Andrew Schipper, 49, of Huntington, left, and Luca Williams, 15,...

Andrew Schipper, 49, of Huntington, left, and Luca Williams, 15, of Cove Neck, paired up to open Moonshot Emporium. Credit: Cara Williams

In early November, avid vinyl record collector Luca Williams, 15, (yes, 15) of Cove Neck and record and antique dealer Andrew Schipper, 49, of Huntington, paired up to open Moonshot Emporium, a cool, somewhat throwback record-antique-vintage clothing co-op in Sea Cliff.

"He was actually a good customer of mine, and to be so interested at that age reminded me of a younger me," says Schipper who met the now sophomore at Portledge School in Locust Valley years ago at various flea markets. But, says Schipper, when Williams asked, "’Do you want to open a record store with me?’ I thought he was crazy. And I said to myself, ‘I’m not opening a store with a 15-year-old.’ "

It took some convincing, and investigating Sea Cliff. The quirky 750-square-foot store with wooden sloping floors was the clincher. "I felt like it could be Pop’s Garage meets a little Boho. But it was all Luca’s idea. Believe it or not, he’s teaching me about being a professional adult — he’s a preppy adult child," says Schipper. "I’m teaching him about music he’s never heard before."

A collector since he was 11, Williams got the idea after he successfully created a pop-up shop a few times next door to Moonshot at a family friend’s store. And when he saw the neighboring storefront had been vacant for a few months, he says, "We knew there was a market in town for records, music and memorabilia, it seemed like a no-brainer. Andrew didn’t take me seriously at first; he was definitely dubious and there was a lot of persuasion. I was a sophomore asking him to open a record store in the middle of a pandemic — it’s a little crazy but then it all fell into place." For the record, Williams, signed the lease for the shop (co-signed by his mom).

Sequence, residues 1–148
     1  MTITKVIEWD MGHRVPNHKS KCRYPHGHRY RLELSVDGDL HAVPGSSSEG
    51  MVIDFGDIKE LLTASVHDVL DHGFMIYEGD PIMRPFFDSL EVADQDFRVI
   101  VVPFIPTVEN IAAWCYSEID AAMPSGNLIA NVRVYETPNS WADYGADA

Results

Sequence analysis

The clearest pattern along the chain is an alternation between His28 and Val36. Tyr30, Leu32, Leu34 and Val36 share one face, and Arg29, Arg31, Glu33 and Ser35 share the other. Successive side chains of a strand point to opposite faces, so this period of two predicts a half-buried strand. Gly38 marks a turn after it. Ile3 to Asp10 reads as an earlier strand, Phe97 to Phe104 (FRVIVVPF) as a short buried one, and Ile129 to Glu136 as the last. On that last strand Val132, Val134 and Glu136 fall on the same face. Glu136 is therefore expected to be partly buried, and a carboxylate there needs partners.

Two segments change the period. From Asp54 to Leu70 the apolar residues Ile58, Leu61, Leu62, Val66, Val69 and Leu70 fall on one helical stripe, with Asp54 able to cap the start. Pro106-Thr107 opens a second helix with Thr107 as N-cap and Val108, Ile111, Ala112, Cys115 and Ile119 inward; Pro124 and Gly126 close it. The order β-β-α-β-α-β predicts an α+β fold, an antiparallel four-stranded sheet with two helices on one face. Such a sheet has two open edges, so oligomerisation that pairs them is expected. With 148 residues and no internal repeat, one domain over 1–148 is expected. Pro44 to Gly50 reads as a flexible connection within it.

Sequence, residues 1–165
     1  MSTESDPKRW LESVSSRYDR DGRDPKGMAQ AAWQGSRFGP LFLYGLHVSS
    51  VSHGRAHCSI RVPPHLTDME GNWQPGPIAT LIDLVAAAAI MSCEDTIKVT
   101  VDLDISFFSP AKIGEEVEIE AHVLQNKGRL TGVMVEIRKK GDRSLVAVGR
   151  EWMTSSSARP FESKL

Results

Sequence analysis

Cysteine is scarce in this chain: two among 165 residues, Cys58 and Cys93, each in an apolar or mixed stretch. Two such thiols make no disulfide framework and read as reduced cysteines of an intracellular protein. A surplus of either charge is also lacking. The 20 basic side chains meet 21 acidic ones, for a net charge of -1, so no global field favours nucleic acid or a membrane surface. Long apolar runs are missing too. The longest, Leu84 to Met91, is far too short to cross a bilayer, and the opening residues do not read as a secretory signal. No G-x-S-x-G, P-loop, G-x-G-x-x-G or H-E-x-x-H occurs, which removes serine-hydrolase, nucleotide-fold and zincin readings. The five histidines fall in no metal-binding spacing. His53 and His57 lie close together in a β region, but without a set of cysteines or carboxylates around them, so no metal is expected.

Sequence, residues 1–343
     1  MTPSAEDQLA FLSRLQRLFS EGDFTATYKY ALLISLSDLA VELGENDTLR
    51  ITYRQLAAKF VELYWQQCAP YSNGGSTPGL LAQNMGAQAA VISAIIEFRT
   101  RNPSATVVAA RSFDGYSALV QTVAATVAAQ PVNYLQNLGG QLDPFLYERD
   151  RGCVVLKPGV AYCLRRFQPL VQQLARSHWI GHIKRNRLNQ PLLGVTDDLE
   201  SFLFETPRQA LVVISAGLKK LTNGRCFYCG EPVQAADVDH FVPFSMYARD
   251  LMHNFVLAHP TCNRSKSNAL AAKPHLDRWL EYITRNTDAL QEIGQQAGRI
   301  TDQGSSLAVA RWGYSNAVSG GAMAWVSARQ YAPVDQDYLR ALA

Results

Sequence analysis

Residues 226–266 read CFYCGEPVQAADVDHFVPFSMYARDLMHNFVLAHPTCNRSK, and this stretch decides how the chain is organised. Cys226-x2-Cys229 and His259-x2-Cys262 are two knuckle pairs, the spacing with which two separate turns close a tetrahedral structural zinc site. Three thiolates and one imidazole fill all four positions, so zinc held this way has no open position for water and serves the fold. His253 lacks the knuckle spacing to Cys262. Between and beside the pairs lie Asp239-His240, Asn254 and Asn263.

Moonshot is divided into separate sections — mostly records. Williams, whose company is dubbed "Superior 138 Records," has a standard rock collection of about 225 items here (he has another 1,500 stored at home) that includes Beatles (his favorite), David Bowie, Bob Dylan and more and runs from $5 for a "well-loved" album to $60 for a rarer record.

Hottest band in the store right now? "The Grateful Dead," says Williams. We can’t keep it in." Schipper, whose company is "Wormhole Vinyl," goes the other way. "I’m into thoughtful punk," says Schipper who also deals in kitschy antiques in the back of the store that run from $1 for a postcard to $250 for a kooky fireplace mantle that converts to a bar. His record collection is massive — about 10,000 albums here and very "old school and I’m into Shoegazing," he says of a late '80s genre of Indie and alternative rock from the UK. His priciest piece is $250 for a "very rare Skip Bifferty." — an English psychedelic rock band formed in 1966.

Finally, there’s an area devoted to vintage clothing courtesy of Crazy Lady Vintage, owned by Lisa Leonardi, 62 of Huntington, a former high school orchestra teacher who has been selling from home and on Etsy. "It’s a lot of fun working with Andrew and a 15-year old. We’re very different and similar too and we sort of attract the same customer base."

So far, the kooky collab is successful, says Schipper. "It’s a little bit of an escape and a break. And during COVID, it’s just so nice to have a conversation." And for the future: "It’s a reality show waiting to happen."

Moonshot Emporium is located at 316 Sea Cliff Ave., 516-806-2500.


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